A: The Seychelles saw a 71.6% increase in the arrival of yachts in 2021 compared to 2020, when the island nation was greatly affected by the COVID-19 pandemic. For the first and second quarter of 2022, 59 yachts arrived with a projected 80 by the end of the year. On average, 20 yachts each year are superyachts, each with a unique set of requirements, plans and itineraries.
Seamless entry, with the typical arrival process itself taking as little as half an hour for a vessel to be cleared in (provided all documents are in order) and no visas required to enter the Seychelles showcases our country’s efforts to welcome all visitors with open arms. You can then cruise the full 1,100km [680mi] from Mahé to the Aldabra Atoll (a UNESCO World Heritage Site), whilst popping up in the other 114 islands without having to go through another immigration check.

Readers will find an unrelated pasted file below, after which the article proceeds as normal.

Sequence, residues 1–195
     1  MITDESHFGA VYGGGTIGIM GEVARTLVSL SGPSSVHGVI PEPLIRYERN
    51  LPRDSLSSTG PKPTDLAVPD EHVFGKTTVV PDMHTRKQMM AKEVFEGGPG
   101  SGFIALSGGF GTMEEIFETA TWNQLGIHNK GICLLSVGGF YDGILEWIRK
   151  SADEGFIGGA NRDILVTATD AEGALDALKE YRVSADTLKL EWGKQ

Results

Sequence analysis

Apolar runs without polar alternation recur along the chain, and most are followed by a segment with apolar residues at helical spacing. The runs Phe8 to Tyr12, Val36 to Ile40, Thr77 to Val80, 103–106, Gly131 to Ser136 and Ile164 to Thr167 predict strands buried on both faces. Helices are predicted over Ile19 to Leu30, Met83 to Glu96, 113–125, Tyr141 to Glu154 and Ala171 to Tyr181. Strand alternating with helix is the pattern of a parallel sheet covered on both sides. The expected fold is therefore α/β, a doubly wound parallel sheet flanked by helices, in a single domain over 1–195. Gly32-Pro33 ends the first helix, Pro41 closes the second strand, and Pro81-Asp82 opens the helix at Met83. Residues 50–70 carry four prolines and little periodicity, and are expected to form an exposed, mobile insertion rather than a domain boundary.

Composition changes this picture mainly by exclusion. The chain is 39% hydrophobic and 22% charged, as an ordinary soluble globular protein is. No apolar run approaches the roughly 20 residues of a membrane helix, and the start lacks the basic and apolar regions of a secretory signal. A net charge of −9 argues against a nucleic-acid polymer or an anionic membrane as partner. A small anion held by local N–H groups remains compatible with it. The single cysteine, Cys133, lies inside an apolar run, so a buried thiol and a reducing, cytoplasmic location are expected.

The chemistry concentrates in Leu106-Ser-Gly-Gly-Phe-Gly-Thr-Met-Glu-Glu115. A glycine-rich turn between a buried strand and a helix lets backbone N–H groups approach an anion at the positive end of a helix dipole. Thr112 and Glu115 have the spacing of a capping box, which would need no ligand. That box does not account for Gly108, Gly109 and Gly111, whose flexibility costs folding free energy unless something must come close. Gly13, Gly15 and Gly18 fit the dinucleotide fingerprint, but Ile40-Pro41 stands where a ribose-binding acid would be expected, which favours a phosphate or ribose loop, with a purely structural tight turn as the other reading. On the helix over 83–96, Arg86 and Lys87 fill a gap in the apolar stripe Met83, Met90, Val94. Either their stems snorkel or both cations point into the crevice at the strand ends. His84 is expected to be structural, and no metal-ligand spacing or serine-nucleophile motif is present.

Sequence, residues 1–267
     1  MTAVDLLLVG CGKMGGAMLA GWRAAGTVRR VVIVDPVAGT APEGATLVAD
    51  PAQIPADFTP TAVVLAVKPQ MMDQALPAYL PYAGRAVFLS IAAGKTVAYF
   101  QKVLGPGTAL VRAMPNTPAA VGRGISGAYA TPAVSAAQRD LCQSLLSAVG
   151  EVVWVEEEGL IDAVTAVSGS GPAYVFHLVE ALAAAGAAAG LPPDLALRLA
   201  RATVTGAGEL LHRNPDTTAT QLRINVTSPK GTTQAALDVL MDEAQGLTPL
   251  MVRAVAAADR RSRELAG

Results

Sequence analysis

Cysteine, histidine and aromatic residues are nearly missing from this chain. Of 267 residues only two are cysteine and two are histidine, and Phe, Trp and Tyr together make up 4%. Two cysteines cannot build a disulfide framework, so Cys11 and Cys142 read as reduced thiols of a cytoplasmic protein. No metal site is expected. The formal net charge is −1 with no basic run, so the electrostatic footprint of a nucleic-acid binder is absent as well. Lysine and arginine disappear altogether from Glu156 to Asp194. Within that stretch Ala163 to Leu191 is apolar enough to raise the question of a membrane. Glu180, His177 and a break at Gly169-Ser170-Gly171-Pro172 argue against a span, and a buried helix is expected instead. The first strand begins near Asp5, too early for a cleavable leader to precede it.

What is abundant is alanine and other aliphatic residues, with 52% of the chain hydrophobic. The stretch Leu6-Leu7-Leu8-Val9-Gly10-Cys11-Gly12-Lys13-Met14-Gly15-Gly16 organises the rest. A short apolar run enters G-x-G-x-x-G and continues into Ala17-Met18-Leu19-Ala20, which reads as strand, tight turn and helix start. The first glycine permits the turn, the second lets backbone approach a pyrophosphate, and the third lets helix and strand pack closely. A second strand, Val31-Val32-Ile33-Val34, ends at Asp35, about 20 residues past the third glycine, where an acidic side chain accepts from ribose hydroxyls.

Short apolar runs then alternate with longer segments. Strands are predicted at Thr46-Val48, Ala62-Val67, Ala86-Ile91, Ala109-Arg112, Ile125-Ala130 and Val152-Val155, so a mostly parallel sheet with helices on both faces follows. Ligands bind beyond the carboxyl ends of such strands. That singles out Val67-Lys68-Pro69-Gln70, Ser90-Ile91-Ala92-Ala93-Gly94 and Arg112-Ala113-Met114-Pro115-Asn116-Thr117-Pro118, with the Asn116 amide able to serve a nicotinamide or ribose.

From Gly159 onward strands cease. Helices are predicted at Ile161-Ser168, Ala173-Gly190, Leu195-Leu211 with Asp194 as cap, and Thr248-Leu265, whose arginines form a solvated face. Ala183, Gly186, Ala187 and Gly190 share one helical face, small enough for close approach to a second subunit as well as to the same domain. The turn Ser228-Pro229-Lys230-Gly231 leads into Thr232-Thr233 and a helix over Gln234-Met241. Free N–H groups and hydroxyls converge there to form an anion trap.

Good moorings and easy sailing distances between the main islands facilitate the discovery of a wide selection of islands and secluded bays. The pristine atolls and virgin waters of the ‘Outer Islands’ also offer a last frontier of adventure, together with extraordinary opportunities for snorkeling, diving, fishing and once-in-a-lifetime exploration.
Q: Compare the number of visiting superyachts in the last 15 years. How has service to superyachts changed from earlier years?
A: Customer services have been greatly enhanced over the years with businesses realising the importance of ensuring customer satisfaction. The increasing presence of provisioning companies, marine equipment specialist shops, as well as more governing bodies and entities, has ensured consistency in recent years and has meant that we are slowly moving away from the “island time mindset” of a decade or so ago.
With many specialist shops, visiting yachts have to rely less on the import of specialist goods and, on the occasion that they do, there are now services that ensure prompt collections and delivery.
Q: How closely do you work with suppliers and marinas? How do they help and support visiting vessels during their arrival, stay and departure?